“Rather it be insecurities or not, please figure it out and stop body shaming us and we’ll stop body shaming you.”

Sorry, but that’s not the way being a good person works.

If you’re truly against the concept of body shaming, you’d learn to stop doing it all-together – regardless of how anyone treats you. It seems, though, that you don’t actually care about anyone else being shamed; you just want to whine about the nasty (and wrong) people out there who have criticized your body.

“When I complain about how I feel no one listens cause I’m lucky to be skinny so I have nothing to complain about.”

Rather than complaining, I would invite you to try and understand how “the other side,” if you will, feels.

I repeat: I am not condoning any sort of body shaming. I know how painful it is to hear unkind words about your body, and I am so sorry that you – or anyone else – has to endure that.

However, larger women have systematically been pressured to attain a certain weight, size, or shape for their entire lives. That’s why we need the body positive movement.

This movement is not meant to pit women against each other. It is not meant to make anyone feel bad for their lack of curves.

It exists so that those of us who are constantly shamed for the way we look can stand in solidarity with each other and show the world that we’re beautiful no matter what.

I fully acknowledge that the unfair beauty standards that women face can and do affect everyone, no matter their size. The problem with our society is that we are taught that instead of loving ourselves, we should view ourselves as eternally imperfect. 

The body positive movement includes every person of every shape and every size – including skinnier people. I would like to apologize on behalf of anyone who has falsely represented the movement as an excuse to shame skinny women and/or accuse them of not being “real women.”

When I was dangerously underweight, I received conflicting messages about my body. My parents and friends were telling me I needed to eat more; strangers, classmates, and boys were telling me I looked hot, beautiful, etc. Someone asked me if I was a model (and they were serious).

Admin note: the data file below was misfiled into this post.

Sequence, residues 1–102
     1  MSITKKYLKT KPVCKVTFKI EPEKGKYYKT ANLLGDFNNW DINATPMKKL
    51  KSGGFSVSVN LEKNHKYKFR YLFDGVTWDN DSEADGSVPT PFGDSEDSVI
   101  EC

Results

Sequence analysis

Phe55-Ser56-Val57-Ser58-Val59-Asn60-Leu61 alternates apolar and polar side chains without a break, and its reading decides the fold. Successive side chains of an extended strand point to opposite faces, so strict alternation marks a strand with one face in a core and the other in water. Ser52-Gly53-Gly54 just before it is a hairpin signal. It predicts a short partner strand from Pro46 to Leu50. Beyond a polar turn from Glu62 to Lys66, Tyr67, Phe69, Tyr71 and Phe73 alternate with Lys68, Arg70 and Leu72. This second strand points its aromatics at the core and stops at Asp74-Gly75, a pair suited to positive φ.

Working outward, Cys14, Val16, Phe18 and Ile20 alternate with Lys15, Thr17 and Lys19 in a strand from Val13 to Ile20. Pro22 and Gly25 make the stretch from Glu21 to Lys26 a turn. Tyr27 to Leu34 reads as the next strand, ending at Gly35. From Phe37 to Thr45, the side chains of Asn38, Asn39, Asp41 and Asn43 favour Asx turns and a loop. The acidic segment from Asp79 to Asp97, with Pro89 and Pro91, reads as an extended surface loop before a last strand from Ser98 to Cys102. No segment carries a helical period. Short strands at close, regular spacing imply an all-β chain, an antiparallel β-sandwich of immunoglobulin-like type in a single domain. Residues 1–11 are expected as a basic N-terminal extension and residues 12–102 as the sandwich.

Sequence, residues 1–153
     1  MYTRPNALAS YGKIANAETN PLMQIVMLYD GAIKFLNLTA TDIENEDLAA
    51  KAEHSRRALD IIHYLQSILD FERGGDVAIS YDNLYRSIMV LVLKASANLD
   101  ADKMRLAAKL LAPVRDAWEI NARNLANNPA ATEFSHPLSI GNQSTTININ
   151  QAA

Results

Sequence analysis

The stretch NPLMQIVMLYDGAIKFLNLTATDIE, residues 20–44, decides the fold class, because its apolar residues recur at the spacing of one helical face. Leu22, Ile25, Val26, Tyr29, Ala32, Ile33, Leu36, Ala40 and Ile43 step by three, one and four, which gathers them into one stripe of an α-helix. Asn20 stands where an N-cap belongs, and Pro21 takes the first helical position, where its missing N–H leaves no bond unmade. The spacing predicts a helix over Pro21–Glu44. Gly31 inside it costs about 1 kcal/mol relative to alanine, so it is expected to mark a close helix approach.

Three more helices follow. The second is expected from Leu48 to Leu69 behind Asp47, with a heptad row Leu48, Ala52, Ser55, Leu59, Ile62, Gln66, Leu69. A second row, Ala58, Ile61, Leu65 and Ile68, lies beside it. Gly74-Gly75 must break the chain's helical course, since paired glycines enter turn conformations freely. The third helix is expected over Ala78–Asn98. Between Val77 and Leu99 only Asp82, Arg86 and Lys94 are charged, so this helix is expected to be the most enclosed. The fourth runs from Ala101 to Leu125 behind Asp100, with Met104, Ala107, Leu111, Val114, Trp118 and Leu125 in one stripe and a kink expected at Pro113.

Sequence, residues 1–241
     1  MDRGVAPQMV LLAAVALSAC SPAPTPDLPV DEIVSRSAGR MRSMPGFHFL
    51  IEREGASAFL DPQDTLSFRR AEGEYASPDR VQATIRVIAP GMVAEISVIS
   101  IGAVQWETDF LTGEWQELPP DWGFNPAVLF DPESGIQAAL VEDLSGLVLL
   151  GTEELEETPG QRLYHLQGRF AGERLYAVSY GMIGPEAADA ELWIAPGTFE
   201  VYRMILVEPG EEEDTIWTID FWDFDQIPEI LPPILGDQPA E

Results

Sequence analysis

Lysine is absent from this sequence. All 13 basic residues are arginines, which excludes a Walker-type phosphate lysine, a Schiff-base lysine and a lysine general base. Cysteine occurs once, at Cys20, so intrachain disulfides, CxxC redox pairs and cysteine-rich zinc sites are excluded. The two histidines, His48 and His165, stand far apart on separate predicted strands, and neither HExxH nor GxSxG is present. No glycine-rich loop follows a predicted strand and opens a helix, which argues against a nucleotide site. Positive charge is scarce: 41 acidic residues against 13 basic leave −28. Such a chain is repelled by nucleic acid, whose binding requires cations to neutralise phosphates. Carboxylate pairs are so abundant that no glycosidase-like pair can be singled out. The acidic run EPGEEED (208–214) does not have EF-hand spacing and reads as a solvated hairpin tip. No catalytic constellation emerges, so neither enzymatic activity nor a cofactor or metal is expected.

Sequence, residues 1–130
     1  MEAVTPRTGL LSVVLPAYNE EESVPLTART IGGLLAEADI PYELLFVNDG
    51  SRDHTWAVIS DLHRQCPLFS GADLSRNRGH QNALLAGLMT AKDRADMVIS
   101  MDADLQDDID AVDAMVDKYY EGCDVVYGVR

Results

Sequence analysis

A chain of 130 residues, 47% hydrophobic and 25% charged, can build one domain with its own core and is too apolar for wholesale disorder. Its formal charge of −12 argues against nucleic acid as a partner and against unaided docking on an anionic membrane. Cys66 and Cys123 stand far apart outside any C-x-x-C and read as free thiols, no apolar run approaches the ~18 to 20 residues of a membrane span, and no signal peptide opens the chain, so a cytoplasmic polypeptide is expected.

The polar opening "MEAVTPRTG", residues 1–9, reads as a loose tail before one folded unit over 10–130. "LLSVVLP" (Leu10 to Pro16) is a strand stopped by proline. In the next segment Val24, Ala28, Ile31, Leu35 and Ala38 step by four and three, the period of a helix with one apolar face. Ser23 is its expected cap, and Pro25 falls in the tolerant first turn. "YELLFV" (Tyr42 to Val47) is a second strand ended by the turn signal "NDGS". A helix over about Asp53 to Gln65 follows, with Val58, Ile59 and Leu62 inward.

My eating disorder destroyed me. It destroyed my mental and physical health. More specifically, it destroyed my thyroid, which caused me to put on another 50 lbs. after I recovered from my ED.

When I was at my highest weight, I hated my body – and I still do.

The same body-positive movements that you are attempting to shut down because they don’t cater exclusively to you are the ones that showed me that it was okay not to starve myself.

Anybody who makes you feel like your body isn’t incredibly wonderful is not truly body positive.

So please, don’t try and shut down the entire movement because you’ve experienced those unfortunate individuals who are certainly not body-positive.

Now that I’m a larger size, I feel like a stranger in my own body. I can’t remember the last time I wasn’t trying to lose weight.

When I was skinny, I enjoyed the benefit of being what society considers the ideal body type. I felt desirable. And I loved it.

Being told to eat a cheeseburger just isn’t comparable to being told that your entire being is undesirable. I am told on a daily basis that in order to be a beautiful human being, I must be skinny.

More than anything, I want to reiterate that it’s not okay for anyone to make you feel like your body isn’t beautiful. But I would also urge you to please try and understand that you have not been consistently pressured to conform to a different body type in the same way that “larger” people have.

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As always, I welcome feedback and comments on this post. My goal in writing this was not to hurt or reduce anyone, but to offer another perspective that I feel was overlooked in the external post.